As the World Health Organization (WHO) points out, migraine and headache disorders are some of “the most common disorders of the nervous system.”
Although a migraine or headache can be defined as having pain “in any region of the head,” the cause, duration, and intensity of this pain can vary according to the type of headache.
The most common primary headaches
Primary headaches can occur when the pain in your head is the condition. In other words, your headache isn’t being triggered by something that your body is dealing with, like illness or allergies.
These headaches can be episodic or chronic:
- Episodic headaches may occur every so often or even just once in a while. They can last anywhere from half an hour to several hours.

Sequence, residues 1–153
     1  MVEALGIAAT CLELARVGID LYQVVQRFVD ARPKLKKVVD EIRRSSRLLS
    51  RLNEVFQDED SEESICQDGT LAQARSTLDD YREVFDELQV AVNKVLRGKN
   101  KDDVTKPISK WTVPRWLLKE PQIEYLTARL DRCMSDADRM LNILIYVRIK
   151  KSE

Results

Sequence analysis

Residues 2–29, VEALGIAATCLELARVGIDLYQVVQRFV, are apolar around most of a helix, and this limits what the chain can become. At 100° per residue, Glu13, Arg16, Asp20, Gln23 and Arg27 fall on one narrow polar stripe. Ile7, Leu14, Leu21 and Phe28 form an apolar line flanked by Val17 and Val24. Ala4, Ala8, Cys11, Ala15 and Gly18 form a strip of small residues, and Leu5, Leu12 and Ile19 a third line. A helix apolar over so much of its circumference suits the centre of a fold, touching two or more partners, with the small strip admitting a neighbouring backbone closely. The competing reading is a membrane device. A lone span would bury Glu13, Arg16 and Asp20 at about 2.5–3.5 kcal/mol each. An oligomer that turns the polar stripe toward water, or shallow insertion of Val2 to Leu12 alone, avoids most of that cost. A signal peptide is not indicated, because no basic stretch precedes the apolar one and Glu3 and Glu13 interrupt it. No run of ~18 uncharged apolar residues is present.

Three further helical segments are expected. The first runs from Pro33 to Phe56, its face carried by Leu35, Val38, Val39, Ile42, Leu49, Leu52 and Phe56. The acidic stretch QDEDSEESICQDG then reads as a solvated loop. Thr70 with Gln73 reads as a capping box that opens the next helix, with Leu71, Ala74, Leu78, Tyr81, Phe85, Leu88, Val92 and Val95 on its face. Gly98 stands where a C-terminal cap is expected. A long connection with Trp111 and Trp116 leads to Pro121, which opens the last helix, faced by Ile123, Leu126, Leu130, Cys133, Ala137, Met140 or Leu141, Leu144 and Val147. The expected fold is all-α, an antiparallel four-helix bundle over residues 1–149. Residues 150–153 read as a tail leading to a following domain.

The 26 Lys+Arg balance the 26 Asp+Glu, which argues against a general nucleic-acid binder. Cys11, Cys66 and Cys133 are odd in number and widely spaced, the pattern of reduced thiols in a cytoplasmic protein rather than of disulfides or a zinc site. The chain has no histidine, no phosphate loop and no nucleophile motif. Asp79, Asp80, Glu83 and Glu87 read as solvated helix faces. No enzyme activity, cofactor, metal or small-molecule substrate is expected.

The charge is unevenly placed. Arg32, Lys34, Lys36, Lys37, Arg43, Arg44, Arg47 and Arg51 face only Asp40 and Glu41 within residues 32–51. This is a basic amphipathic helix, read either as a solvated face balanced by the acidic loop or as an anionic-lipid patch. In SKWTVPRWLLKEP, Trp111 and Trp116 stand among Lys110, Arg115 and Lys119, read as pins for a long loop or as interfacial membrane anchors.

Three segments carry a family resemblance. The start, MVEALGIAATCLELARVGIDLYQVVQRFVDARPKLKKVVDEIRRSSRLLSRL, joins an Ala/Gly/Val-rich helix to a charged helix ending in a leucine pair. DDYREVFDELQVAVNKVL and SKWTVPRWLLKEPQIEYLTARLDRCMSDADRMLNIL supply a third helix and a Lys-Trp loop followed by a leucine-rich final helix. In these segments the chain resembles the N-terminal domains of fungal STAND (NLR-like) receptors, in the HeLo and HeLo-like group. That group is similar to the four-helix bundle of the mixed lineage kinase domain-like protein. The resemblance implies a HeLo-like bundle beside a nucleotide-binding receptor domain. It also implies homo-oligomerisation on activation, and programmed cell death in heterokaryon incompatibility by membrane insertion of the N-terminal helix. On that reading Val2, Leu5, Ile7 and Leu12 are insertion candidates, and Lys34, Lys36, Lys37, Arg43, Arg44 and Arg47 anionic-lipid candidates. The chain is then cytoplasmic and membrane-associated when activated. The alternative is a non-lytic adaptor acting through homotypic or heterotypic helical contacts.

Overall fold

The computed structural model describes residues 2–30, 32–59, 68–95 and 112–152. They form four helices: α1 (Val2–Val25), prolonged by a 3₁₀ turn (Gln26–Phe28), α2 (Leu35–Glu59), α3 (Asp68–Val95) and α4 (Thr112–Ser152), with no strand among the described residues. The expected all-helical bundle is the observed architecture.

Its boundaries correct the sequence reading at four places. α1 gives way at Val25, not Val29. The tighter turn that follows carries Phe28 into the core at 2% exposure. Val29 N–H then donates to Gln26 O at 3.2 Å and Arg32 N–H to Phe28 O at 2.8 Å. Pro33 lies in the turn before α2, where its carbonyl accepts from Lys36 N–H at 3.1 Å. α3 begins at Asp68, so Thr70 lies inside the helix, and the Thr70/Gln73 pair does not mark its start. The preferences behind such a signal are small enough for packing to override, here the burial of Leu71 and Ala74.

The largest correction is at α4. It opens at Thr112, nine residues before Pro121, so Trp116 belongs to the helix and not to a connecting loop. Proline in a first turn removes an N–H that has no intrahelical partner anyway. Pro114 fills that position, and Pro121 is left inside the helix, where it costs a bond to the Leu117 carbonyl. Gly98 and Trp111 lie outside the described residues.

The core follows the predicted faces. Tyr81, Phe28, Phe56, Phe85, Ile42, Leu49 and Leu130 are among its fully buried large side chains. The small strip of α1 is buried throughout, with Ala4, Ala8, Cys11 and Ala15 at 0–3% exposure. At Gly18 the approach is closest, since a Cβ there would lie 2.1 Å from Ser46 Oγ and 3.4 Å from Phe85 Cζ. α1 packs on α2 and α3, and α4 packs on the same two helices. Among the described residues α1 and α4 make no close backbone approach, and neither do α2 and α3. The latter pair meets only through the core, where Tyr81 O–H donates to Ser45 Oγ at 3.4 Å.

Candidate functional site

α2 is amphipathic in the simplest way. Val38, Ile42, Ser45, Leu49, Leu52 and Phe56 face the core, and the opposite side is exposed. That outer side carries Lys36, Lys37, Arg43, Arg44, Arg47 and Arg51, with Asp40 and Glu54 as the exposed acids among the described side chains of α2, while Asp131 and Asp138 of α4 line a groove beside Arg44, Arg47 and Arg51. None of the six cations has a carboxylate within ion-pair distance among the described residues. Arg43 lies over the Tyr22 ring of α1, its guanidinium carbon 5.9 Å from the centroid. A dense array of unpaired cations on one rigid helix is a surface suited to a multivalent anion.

- Chronic headaches are more consistent. They occur most days out of the month and can last for days at a time. In these cases, a pain management plan is necessary.
Tension headaches occur if you feel a dull, aching sensation all over your head. It isn’t throbbing. Tenderness or sensitivity around your neck, forehead, scalp, or shoulder muscles also might occur. Anyone can get a tension headache, and they’re often triggered by stress.
If you are getting headaches more than 15 days out of the month over a period of three months, you might have a chronic headache condition. You should see your doctor to find out what’s wrong, even if you’re able to manage the pain with aspirin or ibuprofen.
Headaches can be a symptom of more serious health conditions, and some do require treatment beyond OTC medications and home remedies.
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